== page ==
Victoria will have a new tool to tackle alcohol-related harm when new legislation, introduced to Parliament this week, is passed.
The legislation requires certain types of licensees, such as wholesale liquor producers and importers, to report on the volume, value and type of wholesale liquor being sold across Victoria.
Alcohol Policy Coalition (APC) spokesperson and CEO of the Australian Drug Foundation John Rogerson welcomed the Government’s action.
“This is a big win,” Mr Rogerson said.
“For the first time ever, we’ll have accurate data on how much alcohol Victorians drink, and we’ll be able to better measure the effectiveness of policies for reducing alcohol-related harms.”
Rates of alcohol-related harms are increasing rapidly in Victoria. The most recent figures show that almost 15,000 ambulance call-outs were alcohol-related in the 2012–13 financial year . That’s an increase of 42 per cent in regional Victoria and 27 per cent in metropolitan Melbourne in just one year  and an increase of more than 300 per cent in 10 years . In the same decade, alcohol-related hospital admissions for intoxication have risen by 87 per cent and alcohol-related assaults by 50 per cent .
“This legislation will enable us to collect important data to understand why harms are continuing to increase in Victoria. It will also bring us into line with Queensland, Western Australia and the Northern Territory, where wholesale alcohol sales data is already being collected.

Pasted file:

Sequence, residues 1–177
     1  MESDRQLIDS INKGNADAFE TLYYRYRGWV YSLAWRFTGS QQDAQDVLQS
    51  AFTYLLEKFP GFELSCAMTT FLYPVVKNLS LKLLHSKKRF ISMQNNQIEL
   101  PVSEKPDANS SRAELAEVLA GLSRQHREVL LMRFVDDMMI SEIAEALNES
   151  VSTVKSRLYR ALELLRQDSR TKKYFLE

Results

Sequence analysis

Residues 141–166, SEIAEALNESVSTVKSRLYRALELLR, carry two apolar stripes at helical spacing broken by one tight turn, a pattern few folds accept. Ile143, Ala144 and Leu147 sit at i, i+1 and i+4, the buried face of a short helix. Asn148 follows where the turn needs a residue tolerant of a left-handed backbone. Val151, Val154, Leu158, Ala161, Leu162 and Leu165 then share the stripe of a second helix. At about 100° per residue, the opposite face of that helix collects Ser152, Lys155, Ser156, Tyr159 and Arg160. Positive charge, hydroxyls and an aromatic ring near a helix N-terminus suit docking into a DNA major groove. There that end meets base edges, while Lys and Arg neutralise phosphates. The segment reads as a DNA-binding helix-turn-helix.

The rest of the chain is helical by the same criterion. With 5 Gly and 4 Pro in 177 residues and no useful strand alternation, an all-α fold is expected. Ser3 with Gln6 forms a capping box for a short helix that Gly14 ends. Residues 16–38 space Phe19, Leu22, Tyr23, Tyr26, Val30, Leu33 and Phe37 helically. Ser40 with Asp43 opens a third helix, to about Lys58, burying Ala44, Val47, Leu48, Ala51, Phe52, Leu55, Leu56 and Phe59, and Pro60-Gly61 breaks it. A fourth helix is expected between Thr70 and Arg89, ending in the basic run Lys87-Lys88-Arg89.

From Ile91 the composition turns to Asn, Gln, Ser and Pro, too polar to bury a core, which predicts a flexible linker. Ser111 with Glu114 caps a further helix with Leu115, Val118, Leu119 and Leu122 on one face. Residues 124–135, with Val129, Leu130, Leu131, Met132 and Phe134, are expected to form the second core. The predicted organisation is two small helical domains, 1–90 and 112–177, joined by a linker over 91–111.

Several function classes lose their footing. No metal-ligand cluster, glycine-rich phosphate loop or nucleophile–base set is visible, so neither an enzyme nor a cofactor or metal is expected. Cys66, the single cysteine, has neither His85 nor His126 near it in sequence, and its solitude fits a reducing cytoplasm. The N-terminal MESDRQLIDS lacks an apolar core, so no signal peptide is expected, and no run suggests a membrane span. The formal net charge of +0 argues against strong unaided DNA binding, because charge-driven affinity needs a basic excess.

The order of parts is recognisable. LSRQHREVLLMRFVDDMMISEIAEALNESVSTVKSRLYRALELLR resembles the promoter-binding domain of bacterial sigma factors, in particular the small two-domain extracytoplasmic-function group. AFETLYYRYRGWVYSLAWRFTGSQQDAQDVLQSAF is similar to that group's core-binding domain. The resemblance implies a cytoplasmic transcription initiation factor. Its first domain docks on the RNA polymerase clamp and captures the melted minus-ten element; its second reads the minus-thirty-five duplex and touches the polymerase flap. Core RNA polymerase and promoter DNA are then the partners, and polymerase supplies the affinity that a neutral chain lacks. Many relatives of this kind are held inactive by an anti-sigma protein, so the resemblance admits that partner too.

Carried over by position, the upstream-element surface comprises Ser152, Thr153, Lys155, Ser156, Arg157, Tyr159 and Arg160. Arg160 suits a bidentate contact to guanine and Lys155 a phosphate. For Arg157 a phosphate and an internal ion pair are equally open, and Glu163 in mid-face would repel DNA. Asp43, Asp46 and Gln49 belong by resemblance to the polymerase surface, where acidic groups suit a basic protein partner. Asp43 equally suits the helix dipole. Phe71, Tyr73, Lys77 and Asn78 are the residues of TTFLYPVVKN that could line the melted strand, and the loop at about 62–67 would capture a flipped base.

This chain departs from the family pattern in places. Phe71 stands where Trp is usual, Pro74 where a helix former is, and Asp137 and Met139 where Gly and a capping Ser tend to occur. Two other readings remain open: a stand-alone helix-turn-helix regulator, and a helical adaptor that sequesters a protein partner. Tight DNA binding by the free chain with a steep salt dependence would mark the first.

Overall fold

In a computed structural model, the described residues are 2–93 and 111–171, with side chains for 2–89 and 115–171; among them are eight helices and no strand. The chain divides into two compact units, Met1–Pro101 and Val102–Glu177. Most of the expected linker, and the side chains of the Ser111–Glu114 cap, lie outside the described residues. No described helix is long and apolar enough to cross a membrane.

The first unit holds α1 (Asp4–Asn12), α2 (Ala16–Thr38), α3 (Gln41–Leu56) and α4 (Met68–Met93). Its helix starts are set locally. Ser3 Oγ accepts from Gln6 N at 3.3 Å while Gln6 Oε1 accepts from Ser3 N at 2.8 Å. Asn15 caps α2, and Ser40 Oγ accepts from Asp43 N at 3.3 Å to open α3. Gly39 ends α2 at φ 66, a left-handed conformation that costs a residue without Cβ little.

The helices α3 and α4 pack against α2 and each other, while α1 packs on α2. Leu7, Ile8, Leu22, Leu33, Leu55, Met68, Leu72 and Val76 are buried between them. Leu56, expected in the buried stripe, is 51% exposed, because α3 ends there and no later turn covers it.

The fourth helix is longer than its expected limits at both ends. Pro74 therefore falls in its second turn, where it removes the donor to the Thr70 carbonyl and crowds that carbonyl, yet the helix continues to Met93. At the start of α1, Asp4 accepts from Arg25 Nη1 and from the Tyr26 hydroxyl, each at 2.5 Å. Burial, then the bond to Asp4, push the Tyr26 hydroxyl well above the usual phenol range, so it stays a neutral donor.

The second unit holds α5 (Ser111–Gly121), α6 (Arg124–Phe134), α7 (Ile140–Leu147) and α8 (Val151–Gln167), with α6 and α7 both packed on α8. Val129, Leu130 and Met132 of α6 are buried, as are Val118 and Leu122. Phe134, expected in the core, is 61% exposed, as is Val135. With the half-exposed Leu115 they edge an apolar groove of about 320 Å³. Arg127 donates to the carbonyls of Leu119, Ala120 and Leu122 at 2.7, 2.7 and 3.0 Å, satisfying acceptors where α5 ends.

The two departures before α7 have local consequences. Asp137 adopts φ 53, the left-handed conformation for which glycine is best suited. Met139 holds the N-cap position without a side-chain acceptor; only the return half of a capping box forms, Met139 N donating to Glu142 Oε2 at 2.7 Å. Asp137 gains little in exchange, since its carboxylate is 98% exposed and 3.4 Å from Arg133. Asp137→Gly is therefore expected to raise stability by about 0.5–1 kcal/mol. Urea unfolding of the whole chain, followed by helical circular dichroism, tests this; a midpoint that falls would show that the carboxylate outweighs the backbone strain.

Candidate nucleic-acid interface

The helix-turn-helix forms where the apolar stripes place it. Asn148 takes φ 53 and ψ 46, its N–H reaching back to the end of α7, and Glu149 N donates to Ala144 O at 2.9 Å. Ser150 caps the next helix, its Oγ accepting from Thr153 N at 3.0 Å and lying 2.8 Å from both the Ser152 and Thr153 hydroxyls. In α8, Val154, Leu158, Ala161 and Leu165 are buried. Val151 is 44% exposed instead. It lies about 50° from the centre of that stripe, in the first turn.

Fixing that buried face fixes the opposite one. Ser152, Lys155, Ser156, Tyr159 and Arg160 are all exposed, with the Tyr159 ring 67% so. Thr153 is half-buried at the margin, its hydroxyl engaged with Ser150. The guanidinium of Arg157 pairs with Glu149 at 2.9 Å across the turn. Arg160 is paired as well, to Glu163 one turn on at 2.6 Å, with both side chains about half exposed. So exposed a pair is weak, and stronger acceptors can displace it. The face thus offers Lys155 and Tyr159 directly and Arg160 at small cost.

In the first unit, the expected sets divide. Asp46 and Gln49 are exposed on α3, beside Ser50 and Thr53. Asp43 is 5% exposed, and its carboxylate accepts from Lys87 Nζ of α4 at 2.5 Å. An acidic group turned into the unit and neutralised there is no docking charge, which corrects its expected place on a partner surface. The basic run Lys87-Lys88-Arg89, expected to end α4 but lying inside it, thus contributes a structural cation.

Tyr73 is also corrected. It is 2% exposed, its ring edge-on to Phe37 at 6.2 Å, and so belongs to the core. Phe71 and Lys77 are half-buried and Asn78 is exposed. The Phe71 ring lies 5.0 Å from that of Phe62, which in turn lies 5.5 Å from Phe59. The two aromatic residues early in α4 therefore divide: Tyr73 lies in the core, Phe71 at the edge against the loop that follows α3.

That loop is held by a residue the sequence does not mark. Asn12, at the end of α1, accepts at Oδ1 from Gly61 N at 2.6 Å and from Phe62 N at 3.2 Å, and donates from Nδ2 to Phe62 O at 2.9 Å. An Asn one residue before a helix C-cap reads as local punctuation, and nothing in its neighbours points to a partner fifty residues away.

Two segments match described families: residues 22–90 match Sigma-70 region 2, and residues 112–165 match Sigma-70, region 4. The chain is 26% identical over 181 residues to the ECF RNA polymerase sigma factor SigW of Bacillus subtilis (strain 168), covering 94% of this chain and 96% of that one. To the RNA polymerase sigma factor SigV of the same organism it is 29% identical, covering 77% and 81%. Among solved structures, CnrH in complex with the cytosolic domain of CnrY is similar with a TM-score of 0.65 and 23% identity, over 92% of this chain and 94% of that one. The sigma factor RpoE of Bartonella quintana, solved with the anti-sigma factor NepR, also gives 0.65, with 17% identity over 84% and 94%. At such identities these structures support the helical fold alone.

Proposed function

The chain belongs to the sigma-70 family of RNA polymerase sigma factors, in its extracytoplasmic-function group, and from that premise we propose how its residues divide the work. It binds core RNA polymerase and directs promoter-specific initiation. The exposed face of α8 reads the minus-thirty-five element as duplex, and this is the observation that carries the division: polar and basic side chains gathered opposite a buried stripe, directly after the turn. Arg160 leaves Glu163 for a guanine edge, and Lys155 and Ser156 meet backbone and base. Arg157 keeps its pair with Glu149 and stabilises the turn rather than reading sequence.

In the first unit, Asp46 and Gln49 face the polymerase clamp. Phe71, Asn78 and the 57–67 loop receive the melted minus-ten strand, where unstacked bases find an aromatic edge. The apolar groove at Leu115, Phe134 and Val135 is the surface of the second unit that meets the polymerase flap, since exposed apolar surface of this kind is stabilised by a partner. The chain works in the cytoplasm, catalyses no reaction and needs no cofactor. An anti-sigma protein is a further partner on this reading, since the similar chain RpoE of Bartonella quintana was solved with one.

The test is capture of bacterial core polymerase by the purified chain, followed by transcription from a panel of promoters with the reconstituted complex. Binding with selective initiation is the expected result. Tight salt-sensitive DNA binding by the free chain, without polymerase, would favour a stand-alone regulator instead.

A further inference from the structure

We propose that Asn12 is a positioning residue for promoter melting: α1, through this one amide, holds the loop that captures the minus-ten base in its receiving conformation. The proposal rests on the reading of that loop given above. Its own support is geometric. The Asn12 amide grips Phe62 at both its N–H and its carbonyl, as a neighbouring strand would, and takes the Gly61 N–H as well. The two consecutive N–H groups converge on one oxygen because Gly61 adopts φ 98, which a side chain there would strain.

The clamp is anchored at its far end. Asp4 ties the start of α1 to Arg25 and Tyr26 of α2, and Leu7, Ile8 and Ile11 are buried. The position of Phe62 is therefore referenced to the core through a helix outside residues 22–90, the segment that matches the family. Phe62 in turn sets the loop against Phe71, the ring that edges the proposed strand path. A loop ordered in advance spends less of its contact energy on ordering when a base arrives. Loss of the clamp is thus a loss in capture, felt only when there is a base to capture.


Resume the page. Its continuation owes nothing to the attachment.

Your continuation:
In the lead up to the November state election, the APC renewed calls for the collection of wholesale alcohol sales data, echoing calls from a 2012 Auditor General’s Report on the effectiveness of strategies to prevent and reduce alcohol related harm, which highlighted lack of sales data as a key issue in Victoria.
The APC also called on all parties to commit to reducing alcohol-related harms by addressing when, where and how we drink; and to tackle our harmful drinking culture by introducing tighter restrictions on advertising and sponsorship by the alcohol industry.
“We’re pleased to see the Napthine Government has alcohol policy on its radar and we hope to see other parties bring their ideas to the table,” Mr Rogerson said.
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 Lloyd B., Matthews S., Gao X.C. (2014). Trends in alcohol and drug related ambulance attendances in Victoria: 2012/13. Fitzroy, Victoria: Turning Point, pg 12. Available at http://www.turningpoint.org.au/site/DefaultSite/filesystem/documents/TP.ambocallout.fullreport.080514.pdf.
 Ibid, pg 3
 Victoria Auditor-General 2012, Effectiveness of justice strategies in preventing and reducing alcohol-related harm, Victorian Government Printer, Melbourne, pg. 12.
 Victoria Auditor-General 2012, Effectiveness of justice strategies in preventing and reducing alcohol-related harm, Victorian Government Printer, Melbourne, pg. 12, 46.